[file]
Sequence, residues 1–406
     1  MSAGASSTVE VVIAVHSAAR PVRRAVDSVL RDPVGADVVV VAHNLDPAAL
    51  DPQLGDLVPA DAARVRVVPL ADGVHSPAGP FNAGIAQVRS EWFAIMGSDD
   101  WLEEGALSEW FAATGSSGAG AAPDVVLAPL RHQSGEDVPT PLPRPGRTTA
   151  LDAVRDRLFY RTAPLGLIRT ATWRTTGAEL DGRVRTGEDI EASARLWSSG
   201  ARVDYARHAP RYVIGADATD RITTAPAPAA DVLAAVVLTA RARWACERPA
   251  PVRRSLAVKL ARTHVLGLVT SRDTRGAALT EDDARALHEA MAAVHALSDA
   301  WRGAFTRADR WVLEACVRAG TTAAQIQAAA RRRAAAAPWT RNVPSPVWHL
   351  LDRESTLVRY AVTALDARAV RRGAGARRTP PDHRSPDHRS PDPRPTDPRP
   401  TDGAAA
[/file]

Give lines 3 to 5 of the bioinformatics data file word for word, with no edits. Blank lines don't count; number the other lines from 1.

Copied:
    51  DPQLGDLVPA DAARVRVVPL ADGVHSPAGP FNAGIAQVRS EWFAIMGSDD
   101  WLEEGALSEW FAATGSSGAG AAPDVVLAPL RHQSGEDVPT PLPRPGRTTA
   151  LDAVRDRLFY RTAPLGLIRT ATWRTTGAEL DGRVRTGEDI EASARLWSSG